The more we understand sexual harassment in Nigeria, the more heavy lifting seems to be required for real change to happen. And if we don’t attempt to understand all the factors that come into play, we narrow our grasp on how adaptive the patriarchal system is, and how it is able to replicate itself within different societal structures.
Last week, 27th April, a joint police task force in Abuja arrested 70 women in Gwarinpa and Katampe Extension, detained and tried them in a “mobile court”, where they were sentenced to one-month imprisonment with an option of N3000 ($8) fine. Some of the women, who were forced to plead guilty and released after paying the fine, narrated their horrid experience, citing how police officers raped, assaulted and maltreated them. On Saturday, 4th May, protesters gathered in two of Nigeria’s megacities, Lagos and Abuja, to relay their frustrations, demanding that the arc of history be bent towards justice. Activist, Aisha Yesufu fearlessly led the frontline where protesters convened for the march to FCT Police Command Headquarters.
Prostitution is criminalised in Nigeria, but the same constitutional provisions also require that the accused must be found to be ‘persistently soliciting’. But the 70 women who were arrested were prosecuted extrajudicially. The uproar for the unlawful arrests has not only been because the accused policemen have not been charged, but also because this is not the first time such an atrocity has occurred. The police force have chosen to add to their agenda, club-goers, and any other female citizen they suspect in the society.
Nearly five years ago, lawyer, advocate and CEO of Nigerian Women’s Trust Fund, Ayisha Osori, explained that many women had been abducted by the Abuja Environmental Protection Board (AEFB), who work with the Nigerian Police and Military “to make moving around Abuja dangerous for women”. Their main goal is to “supposedly make the city safe and clean”, but as Ayisha narrated, her young adult daughter who was out for the evening with friends, once called about 9:30PM, that she had been abducted by the agency.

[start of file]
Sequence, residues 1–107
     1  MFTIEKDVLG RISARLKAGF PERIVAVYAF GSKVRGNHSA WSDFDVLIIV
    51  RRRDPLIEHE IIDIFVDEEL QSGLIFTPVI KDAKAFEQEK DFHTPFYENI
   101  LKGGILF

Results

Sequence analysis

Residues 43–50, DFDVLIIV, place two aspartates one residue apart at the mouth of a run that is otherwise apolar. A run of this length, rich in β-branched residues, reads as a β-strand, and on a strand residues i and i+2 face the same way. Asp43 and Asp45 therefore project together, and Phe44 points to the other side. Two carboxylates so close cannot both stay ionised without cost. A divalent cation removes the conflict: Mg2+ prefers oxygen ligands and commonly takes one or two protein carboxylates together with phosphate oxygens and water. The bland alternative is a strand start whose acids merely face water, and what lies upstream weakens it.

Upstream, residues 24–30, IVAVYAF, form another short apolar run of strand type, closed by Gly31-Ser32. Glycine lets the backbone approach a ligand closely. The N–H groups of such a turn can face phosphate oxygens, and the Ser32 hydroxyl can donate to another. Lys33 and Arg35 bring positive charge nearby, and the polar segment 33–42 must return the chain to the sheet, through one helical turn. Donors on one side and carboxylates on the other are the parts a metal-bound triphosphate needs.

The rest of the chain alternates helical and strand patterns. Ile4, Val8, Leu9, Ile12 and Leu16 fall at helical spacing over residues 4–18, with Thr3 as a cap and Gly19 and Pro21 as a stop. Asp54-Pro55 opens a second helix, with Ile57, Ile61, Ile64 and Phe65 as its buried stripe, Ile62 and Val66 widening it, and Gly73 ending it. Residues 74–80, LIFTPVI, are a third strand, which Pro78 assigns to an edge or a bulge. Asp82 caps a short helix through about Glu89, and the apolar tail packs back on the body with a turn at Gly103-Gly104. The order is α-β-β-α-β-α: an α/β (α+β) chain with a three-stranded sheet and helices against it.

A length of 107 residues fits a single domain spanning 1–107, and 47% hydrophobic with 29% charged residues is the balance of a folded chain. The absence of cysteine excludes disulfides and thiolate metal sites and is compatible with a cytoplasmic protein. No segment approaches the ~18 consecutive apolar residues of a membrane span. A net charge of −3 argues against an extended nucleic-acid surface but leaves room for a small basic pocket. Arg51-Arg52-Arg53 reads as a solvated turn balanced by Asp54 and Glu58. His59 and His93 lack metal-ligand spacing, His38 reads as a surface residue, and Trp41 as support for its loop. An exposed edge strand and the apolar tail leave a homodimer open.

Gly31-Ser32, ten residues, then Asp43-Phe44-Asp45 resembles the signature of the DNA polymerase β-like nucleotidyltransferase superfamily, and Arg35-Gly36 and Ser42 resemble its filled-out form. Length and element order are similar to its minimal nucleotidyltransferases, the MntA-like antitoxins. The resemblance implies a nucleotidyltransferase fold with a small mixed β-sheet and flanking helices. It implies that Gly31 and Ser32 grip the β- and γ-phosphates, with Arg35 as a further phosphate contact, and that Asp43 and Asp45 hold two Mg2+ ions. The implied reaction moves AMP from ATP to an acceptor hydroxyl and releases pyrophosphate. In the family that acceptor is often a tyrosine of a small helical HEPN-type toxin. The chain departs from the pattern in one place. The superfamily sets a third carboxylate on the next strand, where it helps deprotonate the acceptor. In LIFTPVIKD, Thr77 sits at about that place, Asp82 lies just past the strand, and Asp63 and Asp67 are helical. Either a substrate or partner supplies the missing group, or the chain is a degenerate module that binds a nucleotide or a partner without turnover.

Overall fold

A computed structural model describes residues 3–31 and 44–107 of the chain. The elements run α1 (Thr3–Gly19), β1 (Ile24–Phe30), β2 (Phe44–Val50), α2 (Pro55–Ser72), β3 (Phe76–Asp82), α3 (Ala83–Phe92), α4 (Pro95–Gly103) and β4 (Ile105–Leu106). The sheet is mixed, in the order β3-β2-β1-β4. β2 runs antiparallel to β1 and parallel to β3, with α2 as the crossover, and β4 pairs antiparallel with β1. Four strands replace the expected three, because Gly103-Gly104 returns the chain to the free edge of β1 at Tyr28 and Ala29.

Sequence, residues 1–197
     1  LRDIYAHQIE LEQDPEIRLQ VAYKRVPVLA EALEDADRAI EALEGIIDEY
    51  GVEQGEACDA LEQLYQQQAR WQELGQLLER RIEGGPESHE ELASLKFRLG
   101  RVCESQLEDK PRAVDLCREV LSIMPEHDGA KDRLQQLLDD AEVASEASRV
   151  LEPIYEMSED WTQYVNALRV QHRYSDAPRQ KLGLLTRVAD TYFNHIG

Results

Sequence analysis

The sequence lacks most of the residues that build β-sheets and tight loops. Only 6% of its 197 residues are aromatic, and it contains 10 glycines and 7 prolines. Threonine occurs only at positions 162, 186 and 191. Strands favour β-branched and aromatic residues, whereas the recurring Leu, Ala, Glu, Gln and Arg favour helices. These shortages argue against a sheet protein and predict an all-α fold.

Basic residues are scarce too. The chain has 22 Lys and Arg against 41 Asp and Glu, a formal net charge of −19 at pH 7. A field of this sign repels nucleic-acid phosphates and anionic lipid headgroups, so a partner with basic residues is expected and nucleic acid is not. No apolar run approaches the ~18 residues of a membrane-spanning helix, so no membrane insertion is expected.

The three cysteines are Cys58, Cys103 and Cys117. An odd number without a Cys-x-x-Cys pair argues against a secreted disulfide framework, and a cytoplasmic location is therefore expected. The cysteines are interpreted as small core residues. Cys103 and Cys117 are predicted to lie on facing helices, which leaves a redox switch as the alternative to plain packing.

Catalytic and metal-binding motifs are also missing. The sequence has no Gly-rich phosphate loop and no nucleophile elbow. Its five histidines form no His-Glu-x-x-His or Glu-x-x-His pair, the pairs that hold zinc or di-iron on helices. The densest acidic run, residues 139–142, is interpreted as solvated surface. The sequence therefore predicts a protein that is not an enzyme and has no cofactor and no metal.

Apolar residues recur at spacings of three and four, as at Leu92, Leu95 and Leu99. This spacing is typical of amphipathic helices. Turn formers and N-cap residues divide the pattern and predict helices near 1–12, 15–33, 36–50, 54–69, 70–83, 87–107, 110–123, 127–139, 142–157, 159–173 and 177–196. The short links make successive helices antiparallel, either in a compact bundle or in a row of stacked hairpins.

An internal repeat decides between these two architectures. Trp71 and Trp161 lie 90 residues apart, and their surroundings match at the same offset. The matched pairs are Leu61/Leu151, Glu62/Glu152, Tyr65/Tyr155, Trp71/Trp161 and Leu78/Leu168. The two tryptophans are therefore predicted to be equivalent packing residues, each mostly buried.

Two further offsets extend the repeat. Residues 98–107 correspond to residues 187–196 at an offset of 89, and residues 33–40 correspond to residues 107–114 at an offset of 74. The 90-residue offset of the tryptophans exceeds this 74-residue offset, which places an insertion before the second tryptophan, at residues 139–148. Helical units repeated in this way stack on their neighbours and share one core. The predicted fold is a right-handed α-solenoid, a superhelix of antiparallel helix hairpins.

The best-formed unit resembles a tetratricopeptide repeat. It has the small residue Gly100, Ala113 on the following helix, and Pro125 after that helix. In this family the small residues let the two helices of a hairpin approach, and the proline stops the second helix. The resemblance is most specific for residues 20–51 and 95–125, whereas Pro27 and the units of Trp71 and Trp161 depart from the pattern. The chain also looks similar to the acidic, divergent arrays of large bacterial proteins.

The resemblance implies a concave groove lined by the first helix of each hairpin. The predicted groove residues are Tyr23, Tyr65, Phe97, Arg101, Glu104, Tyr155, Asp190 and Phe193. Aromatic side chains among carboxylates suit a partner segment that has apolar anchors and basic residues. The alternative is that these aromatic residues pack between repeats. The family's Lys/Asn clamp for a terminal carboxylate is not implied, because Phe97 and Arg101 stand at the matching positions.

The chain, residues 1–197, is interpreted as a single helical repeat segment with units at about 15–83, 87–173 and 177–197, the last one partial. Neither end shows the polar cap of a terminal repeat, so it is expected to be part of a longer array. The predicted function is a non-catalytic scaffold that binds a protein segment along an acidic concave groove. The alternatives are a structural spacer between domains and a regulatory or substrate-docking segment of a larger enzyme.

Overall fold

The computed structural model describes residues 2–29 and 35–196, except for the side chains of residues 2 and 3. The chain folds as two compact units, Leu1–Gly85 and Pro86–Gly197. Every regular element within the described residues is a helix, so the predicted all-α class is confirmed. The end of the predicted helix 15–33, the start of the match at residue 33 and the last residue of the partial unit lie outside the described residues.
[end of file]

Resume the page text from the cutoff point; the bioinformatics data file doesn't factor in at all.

Nigeria’s moralistic culture code is presumably poised to cleanse the society of subversives, and there are several institutions to jointly work together to rid the society of prostitutes. Alongside AEFB, there is also the Federal Society Against Prostitution and Child Labour in Nigeria (SAPCLAN), authorised to get prostitutes off Abuja streets and rehabilitate them. These authorities are tasked to jointly work with the police force to achieve their goals.
“I remember as far back as 2011 because this has also happened to me. I was in a situation where I literally came out of a club and was trying to get in a cab and they grabbed me as well,” one of the protesters, Coco Anetor-Sokei, told The NATIVE, amidst the marching protest. “If not because of my privilege, like the people I knew, or I could call that night, I don’t know how this situation would have ended for me.” In this manner, other participants of the protest conjured up memories of police harassment. “I think the behaviour of the police is emboldening the average Nigerian men on the road,” Teni Tayo, member of Abuja Literary Society, explains as Chioma Agwuegbo, founder of TechHer and key activist at the march, contends with an affirmative Yes! “Now they will not hesitate to call you Ashewo, disrespect you, or even try to pull you. Because they feel like it is state sanction. This is a bigger problem that will be difficult to even reverse. This is why it is very important for the government to come out and state categorically that this is not acceptable, that this is not allowed in our country, that women are respected.”
One recurring topic at the Old Parade Ground in Abuja is the odd fact that even law enforcement officers can be perpetrators. They are the civil force authorized to protect citizens but by their actions, they reinforce the drive of sexual predators. Many protesters held focus group discussions in the spur of the moment too, where their discussion was centred on more harrowing accounts of harassment by a police force and the criminalization of prostitution in Nigeria.
“Something similar has happened to me before” narrated Sharon Anakame, a legal practitioner. “We actually went to a club, but we couldn’t get in. We were wearing sandals, the rule is to wear heels. So they just picked up everyone standing”. Her friend Maryam Ibrahim, who is also a legal practitioner adds, “They don’t tell you what your crime is, what you are violating. We were locked up overnight even”. Sharon and Maryam had to pay some money to get out. They were forced to plead guilty, and ended up paying N100,000 per head to be released; same format as the convicted 70 women.